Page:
Concerns with cybersecurity are a constant draw on our resources, but one that has to be addressed. And it seems as if glaring breaches in security have been commonplace in even some of the larger businesses as of late.
Add to this the recent reveal that every computer is a ticking time-bomb, and it begs the question: where are the pinholes in a business’s data security and how can they be patched?
Security is a lifestyle, not a finish line
In this digital age, data is changing faster than we can imagine. This means many of the security protocols put in place just last year are most-likely already expired. Setting a firewall up and walking away is a good way to get hacked. And when you have employees who cross their personal and professional emails, or accept any attachment that comes through email, your target is constantly moving.
Consider data security as a state of mind; something needing improved upon rather than as a milestone reached. Agile and adaptive is the name of the game, and while much of the security software you can use is frequently updated, it is prudent to review and adjust on your own as well.
Cell phones can be a trojan horse
It seems the smartphone has become as necessary as Post-It notes in offices across the country. However, with this increase in usage comes the potential for security leaks. In fact, with a larger corporation, the holes phones create can make your water-tight security as effective as a mesh sieve.
Surprisingly, the holes made by phones are not from their usage; it’s from their dispositioning. When your ITAD program dumps old phones, the data on them can be up for grabs. That’s why it is important to take precautions. Either invest in a data-wiping program that handles phones, or go with a ITAD company that takes security seriously.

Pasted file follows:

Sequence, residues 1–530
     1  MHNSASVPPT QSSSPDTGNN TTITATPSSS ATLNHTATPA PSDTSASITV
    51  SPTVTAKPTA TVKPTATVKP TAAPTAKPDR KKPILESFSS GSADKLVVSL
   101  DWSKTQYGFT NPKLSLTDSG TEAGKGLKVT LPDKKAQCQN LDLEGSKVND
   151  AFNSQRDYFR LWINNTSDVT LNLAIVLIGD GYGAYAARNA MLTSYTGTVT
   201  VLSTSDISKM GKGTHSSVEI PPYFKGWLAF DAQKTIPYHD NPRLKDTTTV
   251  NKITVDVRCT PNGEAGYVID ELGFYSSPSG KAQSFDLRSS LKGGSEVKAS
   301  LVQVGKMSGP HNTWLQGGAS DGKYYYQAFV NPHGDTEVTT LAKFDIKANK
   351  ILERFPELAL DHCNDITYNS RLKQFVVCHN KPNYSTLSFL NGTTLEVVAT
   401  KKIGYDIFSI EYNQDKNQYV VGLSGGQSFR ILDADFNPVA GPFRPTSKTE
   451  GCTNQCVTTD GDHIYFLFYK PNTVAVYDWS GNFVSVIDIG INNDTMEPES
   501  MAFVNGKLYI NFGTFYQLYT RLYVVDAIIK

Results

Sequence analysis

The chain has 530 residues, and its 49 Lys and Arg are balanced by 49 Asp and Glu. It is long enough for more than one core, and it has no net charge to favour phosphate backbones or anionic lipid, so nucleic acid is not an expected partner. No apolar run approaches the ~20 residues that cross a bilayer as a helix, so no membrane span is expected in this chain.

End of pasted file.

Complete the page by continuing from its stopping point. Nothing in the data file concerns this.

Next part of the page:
At Sage, we use the world’s best data-erasure software so long as it meets the NIST 800-88 standards. And even then, we have a strict legal-hold quarantine area to stage incoming IT assets with sensitive data on them. You can be sure with a protocol like ours that data does not leak from your retired devices.
Too-tight security can lead to employee revolt
We covered some of the psychological reasons for employees to inadvertently compromise good security in another post, but the point bears repeating. If logins and validations in your business’s software become too constricting, your employees might move sensitive material out of the firewall for easier access.
Some of the other ways employees hamper security is in putting passwords and login information on sticky notes near their computers, sending attachments to other devices for mobile reading, or taking pictures of the security screens with their phones.
Believe it or not, lightening the login credentials slightly could potentially improve your overall cyber-security. If nothing else, explain the importance of wholistic security—not just on the screen—for your overall business safety.
Retired tech can breach security if not properly handled
In the same way that your phones could be carrying important data to the landfill, so too your laptops, tablets, and servers. Choose to work with a sustainable ITAM or ITAD company with a track-record of security when retiring older technology and you can get more than just secure recycling.
Most typical recyclers simply shred hard drives to eliminate data risks. The problem with this is that shredded assets are lost revenue. Instead, sustainable recyclers will wipe the drives of 100% of their data. This leaves the hard drives intact, opening the door to potentially resell the hardware for financial return. And, it’s more sustainable because it keeps the hard drive out of the waste stream.
There are a number of ways you can prevent data-security issues from plaguing your business, and in relation to retired technology, you can prevent it sustainably. Our multi-step process for managing IT assets has garnered the business of some of the largest companies in the country. You can learn more here to see just how critical cybersecurity is.
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